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Mass murderer denied parole

Raymond Ratima at the time of trial. PHOTOS/FILE

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Masterton mass murderer Raymond Ratima has been denied parole again after telling the parole board he was now in a relationship with a woman.

Ratima was jailed in 1992 when he was convicted of seven murders, attempted murder, and murder of an unborn child.

Ratima is serving seven life sentences for murder as well as 10 years imprisonment for murdering an unborn child, and seven years for attempted murder.

He was sentenced on September 4, 1992 and has now spent 29 behind bars. At 54 years old, he has spent more than half his life in prison.

Ratima arrives at court, 1992.

Ratima appeared before the New Zealand Parole Board via teleconference from Rolleston Prison earlier this month.

Parole Board chairman Sir Ron Young said in his hearing report that there were a lot of positives about Ratima’s progress in prison.

He said his conduct was very respectful, he was working on the prison site, had had extensive psychological counselling.

Young said in the report that there were several issues that concerned the board relating to Ratima’s risk.

“When we questioned him today about the work that he done and his risk arising from his murders – he focused solely on the work that he had done with a psychologist relating to the risks he might face in the community if confronted by an upset member of the public or a victim.”

Young said while the board did not undervalue the risks discussed by Ratima, they felt they were secondary to the risk that arose from the murders and his understanding of those risks.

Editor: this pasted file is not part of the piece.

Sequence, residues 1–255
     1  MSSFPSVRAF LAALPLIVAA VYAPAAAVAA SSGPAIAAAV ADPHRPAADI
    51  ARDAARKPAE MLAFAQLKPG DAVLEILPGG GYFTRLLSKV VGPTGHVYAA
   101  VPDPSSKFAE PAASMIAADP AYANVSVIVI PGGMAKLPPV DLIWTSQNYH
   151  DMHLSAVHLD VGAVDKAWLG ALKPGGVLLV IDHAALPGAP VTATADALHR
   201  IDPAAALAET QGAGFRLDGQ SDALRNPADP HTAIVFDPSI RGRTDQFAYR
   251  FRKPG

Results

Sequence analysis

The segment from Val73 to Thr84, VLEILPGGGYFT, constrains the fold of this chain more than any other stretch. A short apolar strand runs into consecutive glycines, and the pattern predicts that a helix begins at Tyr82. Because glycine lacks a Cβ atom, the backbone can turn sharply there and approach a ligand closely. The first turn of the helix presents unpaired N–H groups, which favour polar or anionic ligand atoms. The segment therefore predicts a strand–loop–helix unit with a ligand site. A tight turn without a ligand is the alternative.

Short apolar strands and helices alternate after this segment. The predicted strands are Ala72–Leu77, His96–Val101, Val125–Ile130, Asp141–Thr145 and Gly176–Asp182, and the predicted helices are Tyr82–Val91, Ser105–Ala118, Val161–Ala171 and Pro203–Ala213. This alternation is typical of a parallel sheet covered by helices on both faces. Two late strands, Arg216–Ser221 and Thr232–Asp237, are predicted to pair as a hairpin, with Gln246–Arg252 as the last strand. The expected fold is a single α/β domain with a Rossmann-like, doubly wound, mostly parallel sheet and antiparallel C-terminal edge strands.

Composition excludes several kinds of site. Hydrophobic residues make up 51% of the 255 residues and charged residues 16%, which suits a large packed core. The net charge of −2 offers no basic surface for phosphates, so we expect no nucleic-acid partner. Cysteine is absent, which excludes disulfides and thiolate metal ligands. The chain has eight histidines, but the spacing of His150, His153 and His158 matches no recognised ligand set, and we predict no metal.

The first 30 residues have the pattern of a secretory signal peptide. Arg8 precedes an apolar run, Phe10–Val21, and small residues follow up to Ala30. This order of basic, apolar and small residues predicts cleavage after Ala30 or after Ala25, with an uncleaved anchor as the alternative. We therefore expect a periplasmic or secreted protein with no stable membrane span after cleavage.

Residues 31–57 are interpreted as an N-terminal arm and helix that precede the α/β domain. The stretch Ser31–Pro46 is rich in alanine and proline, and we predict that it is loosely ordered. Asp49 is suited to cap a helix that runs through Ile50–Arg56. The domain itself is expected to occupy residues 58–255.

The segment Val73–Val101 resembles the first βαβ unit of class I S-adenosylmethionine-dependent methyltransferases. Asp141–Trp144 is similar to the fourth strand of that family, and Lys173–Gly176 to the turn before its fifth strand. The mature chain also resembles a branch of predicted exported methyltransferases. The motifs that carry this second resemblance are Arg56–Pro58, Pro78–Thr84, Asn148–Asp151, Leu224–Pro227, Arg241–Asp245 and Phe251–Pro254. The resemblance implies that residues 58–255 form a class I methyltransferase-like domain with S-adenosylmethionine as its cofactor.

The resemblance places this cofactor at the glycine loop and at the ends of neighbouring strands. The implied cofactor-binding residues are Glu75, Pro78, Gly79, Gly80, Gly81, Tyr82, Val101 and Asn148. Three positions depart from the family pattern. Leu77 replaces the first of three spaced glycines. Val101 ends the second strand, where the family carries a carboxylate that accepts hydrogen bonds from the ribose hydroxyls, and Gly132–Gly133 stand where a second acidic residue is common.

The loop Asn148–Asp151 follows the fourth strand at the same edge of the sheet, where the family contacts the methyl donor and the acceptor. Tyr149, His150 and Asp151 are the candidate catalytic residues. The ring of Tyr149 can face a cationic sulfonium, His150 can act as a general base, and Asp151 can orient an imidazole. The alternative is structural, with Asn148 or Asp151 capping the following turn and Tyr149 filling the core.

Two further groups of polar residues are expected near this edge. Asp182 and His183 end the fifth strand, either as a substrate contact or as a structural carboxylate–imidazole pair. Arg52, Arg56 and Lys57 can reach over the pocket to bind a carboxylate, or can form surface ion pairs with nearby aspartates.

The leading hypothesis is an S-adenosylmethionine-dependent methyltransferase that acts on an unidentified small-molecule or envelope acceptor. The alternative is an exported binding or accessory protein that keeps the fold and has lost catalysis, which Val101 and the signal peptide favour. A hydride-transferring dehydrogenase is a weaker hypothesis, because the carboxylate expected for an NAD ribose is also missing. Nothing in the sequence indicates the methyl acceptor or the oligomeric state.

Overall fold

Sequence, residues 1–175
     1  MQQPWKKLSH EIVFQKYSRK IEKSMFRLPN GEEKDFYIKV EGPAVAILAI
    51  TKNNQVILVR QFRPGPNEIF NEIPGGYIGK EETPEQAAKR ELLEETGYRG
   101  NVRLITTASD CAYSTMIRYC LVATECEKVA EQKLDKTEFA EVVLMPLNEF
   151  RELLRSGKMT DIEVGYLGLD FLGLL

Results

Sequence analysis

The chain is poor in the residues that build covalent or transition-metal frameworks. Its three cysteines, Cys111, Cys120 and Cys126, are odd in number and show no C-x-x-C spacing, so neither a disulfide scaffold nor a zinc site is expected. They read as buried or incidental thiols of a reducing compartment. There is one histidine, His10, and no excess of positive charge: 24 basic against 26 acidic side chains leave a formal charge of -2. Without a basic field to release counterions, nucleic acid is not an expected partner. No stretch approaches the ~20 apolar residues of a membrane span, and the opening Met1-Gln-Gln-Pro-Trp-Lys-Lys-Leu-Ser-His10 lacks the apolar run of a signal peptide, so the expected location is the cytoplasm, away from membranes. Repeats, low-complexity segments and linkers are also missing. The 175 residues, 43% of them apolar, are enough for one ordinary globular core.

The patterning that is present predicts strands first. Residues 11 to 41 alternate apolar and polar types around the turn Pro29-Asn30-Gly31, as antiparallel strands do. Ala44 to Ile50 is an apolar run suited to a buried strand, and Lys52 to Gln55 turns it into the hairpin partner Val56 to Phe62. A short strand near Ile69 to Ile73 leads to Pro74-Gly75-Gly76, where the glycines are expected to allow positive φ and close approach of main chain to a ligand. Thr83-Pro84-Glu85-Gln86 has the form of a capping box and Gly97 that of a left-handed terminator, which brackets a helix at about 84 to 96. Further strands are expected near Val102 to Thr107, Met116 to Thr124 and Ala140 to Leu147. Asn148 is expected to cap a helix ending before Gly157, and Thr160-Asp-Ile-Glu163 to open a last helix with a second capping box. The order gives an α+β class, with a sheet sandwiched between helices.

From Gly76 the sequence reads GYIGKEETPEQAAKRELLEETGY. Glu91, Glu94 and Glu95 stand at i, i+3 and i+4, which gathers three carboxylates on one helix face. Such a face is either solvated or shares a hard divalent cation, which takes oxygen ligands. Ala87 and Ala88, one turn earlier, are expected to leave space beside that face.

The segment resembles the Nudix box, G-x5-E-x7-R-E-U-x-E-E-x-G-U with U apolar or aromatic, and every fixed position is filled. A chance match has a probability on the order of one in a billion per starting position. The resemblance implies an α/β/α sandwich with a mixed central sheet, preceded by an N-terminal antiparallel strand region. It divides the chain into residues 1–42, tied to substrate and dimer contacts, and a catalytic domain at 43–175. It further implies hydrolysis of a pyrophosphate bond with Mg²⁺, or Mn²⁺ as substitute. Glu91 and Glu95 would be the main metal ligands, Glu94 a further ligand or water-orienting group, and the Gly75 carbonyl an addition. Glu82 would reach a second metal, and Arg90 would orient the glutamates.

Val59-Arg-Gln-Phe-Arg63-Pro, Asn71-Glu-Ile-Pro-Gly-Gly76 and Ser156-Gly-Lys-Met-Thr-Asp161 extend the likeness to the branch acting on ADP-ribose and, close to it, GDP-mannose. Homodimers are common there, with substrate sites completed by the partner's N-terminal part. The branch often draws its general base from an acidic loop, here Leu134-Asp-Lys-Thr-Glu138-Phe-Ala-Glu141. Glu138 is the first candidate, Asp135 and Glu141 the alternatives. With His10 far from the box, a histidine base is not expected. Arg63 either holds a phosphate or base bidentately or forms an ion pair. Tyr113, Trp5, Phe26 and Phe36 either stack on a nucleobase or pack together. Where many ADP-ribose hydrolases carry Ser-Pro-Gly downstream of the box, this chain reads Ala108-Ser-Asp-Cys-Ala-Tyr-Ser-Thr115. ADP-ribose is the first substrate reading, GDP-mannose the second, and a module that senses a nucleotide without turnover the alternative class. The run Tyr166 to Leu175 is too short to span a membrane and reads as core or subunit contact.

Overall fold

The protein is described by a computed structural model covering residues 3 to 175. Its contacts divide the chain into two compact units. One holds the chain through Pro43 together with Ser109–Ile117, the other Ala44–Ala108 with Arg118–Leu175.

“He was not able to address those with us.”

Young said in the report that Ratima had expressed how much he loved his children.

“When we asked him therefore why he had killed them, he said he felt he then was putting them in a better place.”

Young said the board was not confident that Ratima had truly understood the circumstances under which he came to kill the members of his family including, not just his own children, but the babysitter, partner, and others.

Masterton mayor at the time of the murders, Bob Francis, said he had kept in touch with the family over the years, and it was their view that Ratima should never be released.

“The hearing decision did bring back memories that will never go away.”

He said the parole board had been careful to recognise the significance of the murders – but Francis said he was confident that Ratima would be released in time.

Ratima told the board that he was now in a relationship with a woman he had been with as a young teenager.

Young said in the report that the woman had a childhood trauma that had caused a significant drug addiction and described her as fragile.

He said some of the comments she made to the probation officer were concerning. She had stated in relation to the murders that “there are two sides to all issues”.

Young said the board had discussed the appropriateness of Ratima’s relationship with the woman as the murders took place when his relationship had fallen apart.

“The relationship is untested. Mr Ratima and the women have only ever had prison visits and telephone calls.

“The stress of daily living has never been part of their relationship. And the woman has troubled past and seems to be vulnerable.”

The board found that Ratima remained an “undue risk” and could not be released.

Ratima’s next parole board hearing will be by the end of October next year.

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